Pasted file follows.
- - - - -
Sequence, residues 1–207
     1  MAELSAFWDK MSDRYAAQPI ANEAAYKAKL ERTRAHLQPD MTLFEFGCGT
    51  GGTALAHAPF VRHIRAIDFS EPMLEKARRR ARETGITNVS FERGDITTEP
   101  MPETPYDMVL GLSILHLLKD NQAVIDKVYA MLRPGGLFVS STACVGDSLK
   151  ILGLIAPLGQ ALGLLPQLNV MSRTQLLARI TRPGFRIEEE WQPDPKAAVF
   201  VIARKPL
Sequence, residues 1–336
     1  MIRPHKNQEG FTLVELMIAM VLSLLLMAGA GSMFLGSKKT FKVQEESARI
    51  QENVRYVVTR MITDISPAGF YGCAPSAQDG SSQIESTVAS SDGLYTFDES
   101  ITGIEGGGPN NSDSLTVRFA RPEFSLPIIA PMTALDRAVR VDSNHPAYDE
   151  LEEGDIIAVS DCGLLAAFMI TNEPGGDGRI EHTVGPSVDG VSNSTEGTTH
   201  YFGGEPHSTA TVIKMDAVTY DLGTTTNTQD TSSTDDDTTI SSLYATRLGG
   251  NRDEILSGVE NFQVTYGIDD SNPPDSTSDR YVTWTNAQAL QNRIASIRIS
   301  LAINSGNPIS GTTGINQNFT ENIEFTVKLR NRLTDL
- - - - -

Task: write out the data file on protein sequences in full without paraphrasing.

Sequence, residues 1–207
     1  MAELSAFWDK MSDRYAAQPI ANEAAYKAKL ERTRAHLQPD MTLFEFGCGT
    51  GGTALAHAPF VRHIRAIDFS EPMLEKARRR ARETGITNVS FERGDITTEP
   101  MPETPYDMVL GLSILHLLKD NQAVIDKVYA MLRPGGLFVS STACVGDSLK
   151  ILGLIAPLGQ ALGLLPQLNV MSRTQLLARI TRPGFRIEEE WQPDPKAAVF
   201  VIARKPL
Sequence, residues 1–336
     1  MIRPHKNQEG FTLVELMIAM VLSLLLMAGA GSMFLGSKKT FKVQEESARI
    51  QENVRYVVTR MITDISPAGF YGCAPSAQDG SSQIESTVAS SDGLYTFDES
   101  ITGIEGGGPN NSDSLTVRFA RPEFSLPIIA PMTALDRAVR VDSNHPAYDE
   151  LEEGDIIAVS DCGLLAAFMI TNEPGGDGRI EHTVGPSVDG VSNSTEGTTH
   201  YFGGEPHSTA TVIKMDAVTY DLGTTTNTQD TSSTDDDTTI SSLYATRLGG
   251  NRDEILSGVE NFQVTYGIDD SNPPDSTSDR YVTWTNAQAL QNRIASIRIS
   301  LAINSGNPIS GTTGINQNFT ENIEFTVKLR NRLTDL